How can you integrate these principles into your work and lifestyle to move forward peacefully and productively in 2020?

Author Bio: Carole Kanchier, PhD, is an internationally recognized newspaper/digital columnist, registered psychologist, coach and author of award winning, Questers Dare to Change Your Job and Life.  Kanchier has taught at University of California, Berkeley and Santa Cruz, University of Alberta, and other institutions of higher learning. Dr. Kanchier is known for her pioneering, interdisciplinary approach to human potential.

Contact: carole@daretochange.com; carole@questersdaretochange.com; www.questersdaretochange.com













The new year is here, and many are re-examining goals, and planning for success in 2020.

If you’re considering a career change, award winning, Questers Dare to Change Your Job and Life is for you! https://www.amazon.com/Questers-Dare-Change-Your-Life/dp/1508408963

Questers redefines career advancement, and shows how to manage lifelong career decisions.

Questers Dare to Change Your Job and Life

Based on ongoing research, Questers shows how to navigate life careers in uncertain times!

Case studies of purposeful, growth oriented Questers, quizzes and guidelines show readers how to manage lifelong personal, career and spiritual growth.

Discover your Quester traits: http://www.questersdaretochange.com/services-2/quester-quiz/

Check audible version: https://www.audible.com/pd/Questers-Dare-to-Change-Your-Job-and-Life-Audiobook/B07VZNKGJF?asin=B07VZNKGJF&ipRedirectOverride=true&overrideBaseCountry=true&pf_rd_p=34883c04-32e5-4474-a65d-0ba68f4635d3&pf_rd_r=TN801GRP49AWQSSYMDYC1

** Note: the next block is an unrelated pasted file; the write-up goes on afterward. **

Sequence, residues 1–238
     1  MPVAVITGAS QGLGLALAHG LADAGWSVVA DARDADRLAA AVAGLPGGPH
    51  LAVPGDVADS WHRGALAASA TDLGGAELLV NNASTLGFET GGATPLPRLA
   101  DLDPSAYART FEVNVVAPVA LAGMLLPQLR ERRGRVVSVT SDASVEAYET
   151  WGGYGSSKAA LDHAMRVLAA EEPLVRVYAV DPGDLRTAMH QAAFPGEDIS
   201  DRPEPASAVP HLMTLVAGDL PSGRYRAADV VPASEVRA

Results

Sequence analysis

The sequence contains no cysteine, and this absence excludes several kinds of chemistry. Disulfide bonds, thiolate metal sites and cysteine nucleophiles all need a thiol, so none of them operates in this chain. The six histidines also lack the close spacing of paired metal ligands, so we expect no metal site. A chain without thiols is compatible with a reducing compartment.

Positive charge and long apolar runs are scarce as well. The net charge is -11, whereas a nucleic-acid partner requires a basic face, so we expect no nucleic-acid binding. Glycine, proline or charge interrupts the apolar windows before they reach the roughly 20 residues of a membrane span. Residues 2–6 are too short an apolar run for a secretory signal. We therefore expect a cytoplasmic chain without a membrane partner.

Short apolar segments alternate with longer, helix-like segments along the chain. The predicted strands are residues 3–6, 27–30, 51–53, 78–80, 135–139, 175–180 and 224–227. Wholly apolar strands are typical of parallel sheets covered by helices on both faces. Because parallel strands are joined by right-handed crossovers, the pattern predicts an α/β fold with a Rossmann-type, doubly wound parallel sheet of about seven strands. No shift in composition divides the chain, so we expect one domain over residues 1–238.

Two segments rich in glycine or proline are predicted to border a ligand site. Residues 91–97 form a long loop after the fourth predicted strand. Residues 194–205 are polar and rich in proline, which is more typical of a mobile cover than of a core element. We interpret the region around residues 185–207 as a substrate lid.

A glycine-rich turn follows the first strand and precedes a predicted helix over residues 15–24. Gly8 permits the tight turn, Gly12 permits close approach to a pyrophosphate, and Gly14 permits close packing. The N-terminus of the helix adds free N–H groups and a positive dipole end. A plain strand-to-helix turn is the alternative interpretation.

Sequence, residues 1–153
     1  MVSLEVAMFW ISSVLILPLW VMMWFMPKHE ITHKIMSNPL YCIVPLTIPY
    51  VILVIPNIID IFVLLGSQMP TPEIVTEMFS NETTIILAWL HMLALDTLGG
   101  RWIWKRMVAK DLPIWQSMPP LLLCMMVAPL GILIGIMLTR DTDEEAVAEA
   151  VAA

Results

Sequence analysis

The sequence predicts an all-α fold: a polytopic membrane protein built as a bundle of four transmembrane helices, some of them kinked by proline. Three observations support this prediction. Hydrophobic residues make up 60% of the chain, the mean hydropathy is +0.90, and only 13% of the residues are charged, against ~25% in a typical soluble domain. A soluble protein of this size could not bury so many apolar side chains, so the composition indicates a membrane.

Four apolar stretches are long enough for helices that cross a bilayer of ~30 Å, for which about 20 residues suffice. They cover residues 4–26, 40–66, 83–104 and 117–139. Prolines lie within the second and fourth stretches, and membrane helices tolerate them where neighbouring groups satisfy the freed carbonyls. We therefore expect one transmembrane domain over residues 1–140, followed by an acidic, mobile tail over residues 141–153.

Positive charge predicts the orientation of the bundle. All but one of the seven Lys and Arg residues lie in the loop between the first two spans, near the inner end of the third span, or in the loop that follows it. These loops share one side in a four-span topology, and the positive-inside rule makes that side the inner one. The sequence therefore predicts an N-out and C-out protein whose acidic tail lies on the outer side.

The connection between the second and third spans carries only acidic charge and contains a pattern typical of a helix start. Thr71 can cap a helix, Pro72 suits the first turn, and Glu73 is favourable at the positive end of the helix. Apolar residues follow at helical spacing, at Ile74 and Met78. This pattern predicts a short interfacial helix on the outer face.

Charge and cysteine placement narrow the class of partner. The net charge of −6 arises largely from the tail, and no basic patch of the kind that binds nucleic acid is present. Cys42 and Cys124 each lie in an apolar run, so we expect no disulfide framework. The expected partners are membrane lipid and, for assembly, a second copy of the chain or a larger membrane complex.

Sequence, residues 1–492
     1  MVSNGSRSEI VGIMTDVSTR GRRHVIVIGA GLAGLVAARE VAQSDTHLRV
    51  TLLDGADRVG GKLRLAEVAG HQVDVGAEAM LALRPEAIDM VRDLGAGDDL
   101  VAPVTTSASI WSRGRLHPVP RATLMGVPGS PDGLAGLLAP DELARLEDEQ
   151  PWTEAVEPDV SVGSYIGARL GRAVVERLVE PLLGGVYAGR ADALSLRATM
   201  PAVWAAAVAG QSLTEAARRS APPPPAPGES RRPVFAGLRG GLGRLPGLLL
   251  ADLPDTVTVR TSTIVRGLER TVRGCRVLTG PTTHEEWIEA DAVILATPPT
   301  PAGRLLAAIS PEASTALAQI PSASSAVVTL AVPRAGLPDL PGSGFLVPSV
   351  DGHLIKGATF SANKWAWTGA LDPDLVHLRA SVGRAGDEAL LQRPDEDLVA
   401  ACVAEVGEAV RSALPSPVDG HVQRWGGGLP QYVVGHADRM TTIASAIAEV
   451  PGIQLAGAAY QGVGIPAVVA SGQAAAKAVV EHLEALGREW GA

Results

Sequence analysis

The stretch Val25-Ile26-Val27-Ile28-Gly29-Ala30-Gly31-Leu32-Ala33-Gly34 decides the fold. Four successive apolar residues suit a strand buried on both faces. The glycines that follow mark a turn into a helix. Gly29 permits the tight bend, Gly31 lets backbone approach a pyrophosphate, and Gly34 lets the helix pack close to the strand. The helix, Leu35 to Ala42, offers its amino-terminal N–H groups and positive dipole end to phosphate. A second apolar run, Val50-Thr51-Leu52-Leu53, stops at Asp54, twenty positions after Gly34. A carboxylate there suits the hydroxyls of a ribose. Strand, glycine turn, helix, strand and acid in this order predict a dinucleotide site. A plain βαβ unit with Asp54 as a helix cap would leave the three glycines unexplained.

Please review sample book chapters: http://www.questersdaretochange.com/book/excerpts, and

Carole’s blogs: http://www.questersdaretochange.com/blog

I would be delighted to send a pdf version for review, and be available for a consultation or interview. Sample interview questions are below.

Many thanks for considering this invitation to share ways by which readers can empower themselves to manage their own life careers as well as those of others.

Kind regards,

Carole Kanchier, PhD

carole@questersdaretochange.com; www.questersdaretochange.com

Author Bio: Carole Kanchier, PhD, is an internationally recognized newspaper/digital columnist, registered psychologist, coach and author of Questers Dare to Change Your Job and Life.  Kanchier has taught at University of California, Berkeley and Santa Cruz, University of Alberta, and other institutions of higher learning. Dr. Kanchier is known for her pioneering, interdisciplinary approach to human potential.




Give the #Gift of #Forgiveness

December 21, 2019

Forgiveness is a gift that costs nothing, means everything and is also a key to good health.

Forgiveness is freeing up and putting to better use the energy once consumed by holding grudges, harboring resentments, and nursing unhealed wounds. It’s a time to rediscover our strengths and our capacity to understand and accept other people and ourselves.